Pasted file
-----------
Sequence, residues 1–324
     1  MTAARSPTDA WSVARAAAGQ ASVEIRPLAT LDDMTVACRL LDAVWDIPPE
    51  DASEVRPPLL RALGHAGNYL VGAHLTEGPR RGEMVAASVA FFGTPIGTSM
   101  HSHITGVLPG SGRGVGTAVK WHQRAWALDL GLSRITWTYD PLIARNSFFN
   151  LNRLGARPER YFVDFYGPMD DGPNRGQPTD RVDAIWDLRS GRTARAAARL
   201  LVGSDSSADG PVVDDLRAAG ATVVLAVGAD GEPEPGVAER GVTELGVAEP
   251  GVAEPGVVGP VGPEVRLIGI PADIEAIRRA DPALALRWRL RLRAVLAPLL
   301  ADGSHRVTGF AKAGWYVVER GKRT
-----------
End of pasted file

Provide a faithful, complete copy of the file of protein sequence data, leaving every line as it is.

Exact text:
Sequence, residues 1–324
     1  MTAARSPTDA WSVARAAAGQ ASVEIRPLAT LDDMTVACRL LDAVWDIPPE
    51  DASEVRPPLL RALGHAGNYL VGAHLTEGPR RGEMVAASVA FFGTPIGTSM
   101  HSHITGVLPG SGRGVGTAVK WHQRAWALDL GLSRITWTYD PLIARNSFFN
   151  LNRLGARPER YFVDFYGPMD DGPNRGQPTD RVDAIWDLRS GRTARAAARL
   201  LVGSDSSADG PVVDDLRAAG ATVVLAVGAD GEPEPGVAER GVTELGVAEP
   251  GVAEPGVVGP VGPEVRLIGI PADIEAIRRA DPALALRWRL RLRAVLAPLL
   301  ADGSHRVTGF AKAGWYVVER GKRT